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Most viewed - Theravada Texts
upanisasutta.pdf
upanisasutta.pdfTranscendental Dependent Arising - Translation & Exposition of the Upanisa Sutta1153 viewsTucked away in the Samyutta Nikaya among the “connected sayings on causality” (Nidanasamyutta) is a short formalized text entitled the Upanisa Sutta, the “Discourse on Supporting Conditions.” The Upanisa sutta reveals the entire course of man’s faring in the world as well as his treading of the path to its transcendence. This exposition sets out to explore the, “transcendental” application of dependent arising, drawing freely from other parts of the Canon and the commentaries to fill out the meaning.
Buddhist_Precept-LayDhTchWst.pdf
Buddhist_Precept-LayDhTchWst.pdfBuddhist Precepts and Lay Dhamma Teaching in the West1135 viewsThis article appeared in Yasodhara: Newsletter on International Buddhist Women’s Activities Volume 25(1) No 97 (October-December 2008) (ISSN 0875-1996) 15-17.
wheel048.pdf
wheel048.pdfThe Discourse on the Snake Simile (Alagaddúpama Sutta)1125 viewsThe discourse of the Buddha on the Snake Simile (Alagaddúpama Sutta) that is presented here, together with explanatory notes taken mostly from the commentarial literature, is the 22nd text in the “Collection of Discourses of Medium Length” (Majjhima Nikáya).
Maung_-_Buddhism_and_the_Self.pdf
Maung_-_Buddhism_and_the_Self.pdfBuddhism and the Self1113 viewsOne of the most perplexing concepts in Buddhist philosophy is the doctrine of anatta, or ‘not-self’. Many have interpreted anatta to be a metaphysical assertion that there is no self, but I argue that this is mistaken. Rather, in line with Thanissaro Bhikkhu, I understand anatta as a practical strategy that has heuristic value in guiding one
towards liberation. Furthermore, I propose that the acceptance of a subjective self can be consistent with and justified in Buddhism. This will be the focus of this essay.
wheel188.pdf
wheel188.pdfIdeal Solitude - An Exposition of the Bhaddekaratta Sutta1110 viewsThe Bhaddekaratta Sutta of the Majjhima Nikaya (No. 131) consists of a “summary” in four verses and an “exposition” dealing with some doctrinal points of considerable psychological and ethical import.
Bodhi-Tree_Site-Map-Dec2015-v3.pdf
Bodhi-Tree_Site-Map-Dec2015-v3.pdfBodhi-Tree_Site-Map1091 viewsBodhi Tree Site Map
truth_of_rebirth.pdf
truth_of_rebirth.pdfThe Truth of Rebirth: And Why It Matters For Buddhist Practice1087 viewsRebirth has always been a central teaching in the Buddhist tradition. The earliest records in the Pali Canon (MN 26; MN 36) indicate that the Buddha, prior to his awakening, searched for a happiness not subject to the vagaries of repeated birth, ageing, illness, and death. On the night of his awakening, two of the three knowledges leading to his release from suffering focused on the topic of rebirth. The first showed his own many previous lives; the second, depicting the general pattern of beings dying and being reborn throughout the cosmos, showed the connection between rebirth and karma, or action. When he did finally attain release from suffering, he recognized that he had achieved his goal because he had touched a dimension that not only was free from birth, but also had freed him from ever being reborn again.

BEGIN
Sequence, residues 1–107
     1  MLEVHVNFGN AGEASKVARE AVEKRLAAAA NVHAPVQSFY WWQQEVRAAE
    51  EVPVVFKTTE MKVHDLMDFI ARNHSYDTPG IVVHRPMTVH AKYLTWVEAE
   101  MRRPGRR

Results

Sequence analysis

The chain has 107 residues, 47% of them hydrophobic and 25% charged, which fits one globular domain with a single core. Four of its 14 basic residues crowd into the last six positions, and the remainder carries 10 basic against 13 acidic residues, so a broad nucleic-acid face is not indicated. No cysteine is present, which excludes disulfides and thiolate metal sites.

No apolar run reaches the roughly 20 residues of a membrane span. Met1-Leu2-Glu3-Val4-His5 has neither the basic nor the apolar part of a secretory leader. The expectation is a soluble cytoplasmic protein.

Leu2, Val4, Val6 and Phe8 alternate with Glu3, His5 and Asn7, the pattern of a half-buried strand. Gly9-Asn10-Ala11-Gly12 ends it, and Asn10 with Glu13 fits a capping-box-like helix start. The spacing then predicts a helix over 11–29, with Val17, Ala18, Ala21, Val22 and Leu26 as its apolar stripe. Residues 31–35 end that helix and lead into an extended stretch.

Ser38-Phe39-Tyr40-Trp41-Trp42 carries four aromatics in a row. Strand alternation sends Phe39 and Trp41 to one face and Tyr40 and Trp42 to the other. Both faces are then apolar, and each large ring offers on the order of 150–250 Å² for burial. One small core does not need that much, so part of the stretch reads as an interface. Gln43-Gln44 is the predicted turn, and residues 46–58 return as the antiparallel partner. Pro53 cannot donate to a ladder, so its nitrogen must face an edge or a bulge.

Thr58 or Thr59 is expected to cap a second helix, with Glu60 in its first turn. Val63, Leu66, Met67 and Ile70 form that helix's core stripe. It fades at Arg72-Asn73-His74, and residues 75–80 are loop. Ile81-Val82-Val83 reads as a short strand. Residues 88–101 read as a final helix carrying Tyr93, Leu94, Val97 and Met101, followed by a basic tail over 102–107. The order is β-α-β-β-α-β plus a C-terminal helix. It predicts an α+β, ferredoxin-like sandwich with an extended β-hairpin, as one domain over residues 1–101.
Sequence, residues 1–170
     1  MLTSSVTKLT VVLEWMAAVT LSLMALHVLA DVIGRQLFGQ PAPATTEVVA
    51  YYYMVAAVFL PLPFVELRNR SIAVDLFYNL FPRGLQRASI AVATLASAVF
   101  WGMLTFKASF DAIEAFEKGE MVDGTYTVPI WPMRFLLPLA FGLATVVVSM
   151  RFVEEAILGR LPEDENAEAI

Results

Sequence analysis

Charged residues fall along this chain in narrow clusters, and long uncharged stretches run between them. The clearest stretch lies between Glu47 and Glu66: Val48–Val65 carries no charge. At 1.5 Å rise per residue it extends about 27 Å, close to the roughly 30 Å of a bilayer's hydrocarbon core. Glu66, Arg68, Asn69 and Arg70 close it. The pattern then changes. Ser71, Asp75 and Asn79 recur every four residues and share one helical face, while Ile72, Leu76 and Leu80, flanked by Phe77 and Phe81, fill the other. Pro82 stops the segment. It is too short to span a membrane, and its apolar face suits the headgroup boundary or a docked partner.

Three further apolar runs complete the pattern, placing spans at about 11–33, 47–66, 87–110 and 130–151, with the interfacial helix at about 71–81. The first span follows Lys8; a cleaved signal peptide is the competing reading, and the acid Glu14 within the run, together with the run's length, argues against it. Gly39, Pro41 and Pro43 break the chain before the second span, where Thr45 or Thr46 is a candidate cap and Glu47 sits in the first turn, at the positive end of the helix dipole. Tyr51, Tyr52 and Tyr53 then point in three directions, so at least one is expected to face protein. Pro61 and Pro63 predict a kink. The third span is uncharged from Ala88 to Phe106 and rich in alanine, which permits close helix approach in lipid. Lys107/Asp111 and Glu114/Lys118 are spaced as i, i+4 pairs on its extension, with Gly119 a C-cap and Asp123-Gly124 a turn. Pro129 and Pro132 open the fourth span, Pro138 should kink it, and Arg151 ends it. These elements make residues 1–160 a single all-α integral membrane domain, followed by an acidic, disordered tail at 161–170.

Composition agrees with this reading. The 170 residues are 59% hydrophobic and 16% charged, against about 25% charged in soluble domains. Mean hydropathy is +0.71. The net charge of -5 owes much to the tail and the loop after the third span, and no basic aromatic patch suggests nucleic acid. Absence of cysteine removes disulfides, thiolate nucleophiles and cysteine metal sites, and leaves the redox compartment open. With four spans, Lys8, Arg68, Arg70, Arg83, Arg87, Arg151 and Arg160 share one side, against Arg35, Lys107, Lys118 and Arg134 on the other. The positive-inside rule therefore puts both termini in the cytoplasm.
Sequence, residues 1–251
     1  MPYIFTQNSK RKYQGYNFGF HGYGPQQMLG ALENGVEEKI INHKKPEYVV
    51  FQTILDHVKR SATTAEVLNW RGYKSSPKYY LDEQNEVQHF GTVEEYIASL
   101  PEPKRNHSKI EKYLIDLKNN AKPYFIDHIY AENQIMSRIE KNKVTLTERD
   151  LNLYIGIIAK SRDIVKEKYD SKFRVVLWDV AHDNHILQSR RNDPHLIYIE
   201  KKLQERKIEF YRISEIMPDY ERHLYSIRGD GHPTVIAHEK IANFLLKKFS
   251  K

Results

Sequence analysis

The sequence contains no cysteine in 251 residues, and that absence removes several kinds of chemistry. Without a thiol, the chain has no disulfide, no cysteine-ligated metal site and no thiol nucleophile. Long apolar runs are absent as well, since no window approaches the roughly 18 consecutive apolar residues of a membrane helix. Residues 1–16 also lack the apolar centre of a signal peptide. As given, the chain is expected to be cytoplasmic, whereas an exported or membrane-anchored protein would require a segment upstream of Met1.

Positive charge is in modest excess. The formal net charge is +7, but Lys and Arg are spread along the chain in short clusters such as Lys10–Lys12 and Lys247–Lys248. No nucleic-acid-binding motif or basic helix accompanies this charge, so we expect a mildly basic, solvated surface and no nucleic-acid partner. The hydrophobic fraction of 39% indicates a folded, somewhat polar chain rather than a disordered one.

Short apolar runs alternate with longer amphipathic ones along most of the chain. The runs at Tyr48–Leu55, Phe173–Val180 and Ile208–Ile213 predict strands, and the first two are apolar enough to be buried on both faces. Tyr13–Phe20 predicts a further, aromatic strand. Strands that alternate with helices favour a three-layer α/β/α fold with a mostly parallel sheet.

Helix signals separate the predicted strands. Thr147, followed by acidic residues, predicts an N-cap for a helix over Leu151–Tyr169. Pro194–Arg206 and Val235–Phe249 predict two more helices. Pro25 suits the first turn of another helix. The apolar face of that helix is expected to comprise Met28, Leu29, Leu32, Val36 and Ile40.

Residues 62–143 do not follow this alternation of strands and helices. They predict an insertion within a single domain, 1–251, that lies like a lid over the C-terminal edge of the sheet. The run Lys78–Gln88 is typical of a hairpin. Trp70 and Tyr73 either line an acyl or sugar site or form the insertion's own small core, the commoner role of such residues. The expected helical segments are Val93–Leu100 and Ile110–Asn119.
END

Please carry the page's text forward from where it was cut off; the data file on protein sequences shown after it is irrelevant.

wheel394.pdf
wheel394.pdfFundamentals of Buddhism 1087 viewsFour Lectures:

1. The Essence of Buddhism (Radio Lecture, Colombo, 1933)
2. Kamma & Rebirth (Lecture, Ceylon University, 1947)
3. Paticca-Samuppada: Dependent Origination (Second Lecture under the Dona Alphina Ratnayaka Trust, University College, Colombo, 1938)
4. Mental Culture (Based on a lecture delivered in Tokyo, 1920).
acariya-mun-bio.pdf
acariya-mun-bio.pdfAcariya Mun Bhuridatta - A Spiritual Biography (with Photographs)1079 viewsA Spiritual Biography by Acariya Maha Boowa Nanasampanno. Translated from the Thai by Bhikkhu Dick Salaratano. Acariya Mun Bharidatta Thera was a vipassana meditation master of the highest caliber of this present age. He taught the profound nature of Dhamma with such authority and persuasion that he left no doubts among his students about the exalted level of his spiritual attainment. His devoted followers consist of numerous monks and laity from virtually every region of Thailand. His story is truly a magnificent one throughout: from his early years in lay life through his long endeavor as a Buddhist monk to the day he finally passed away.

This copy is a high quality screen version of the original eBook
DP_Kamma-patha.pdf
DP_Kamma-patha.pdfKamma-patha (Ten Courses of Wholesome Action)1065 viewsAjivatthamaka Sila (The Eight Precepts with Right Livelihood as the Eighth) and Ariya Atthangika Magga (The Noble Eightfold Path) and Dasa Kusala Kamma-patha (Ten Courses of Wholesome Action)
127 files on 13 page(s) 10

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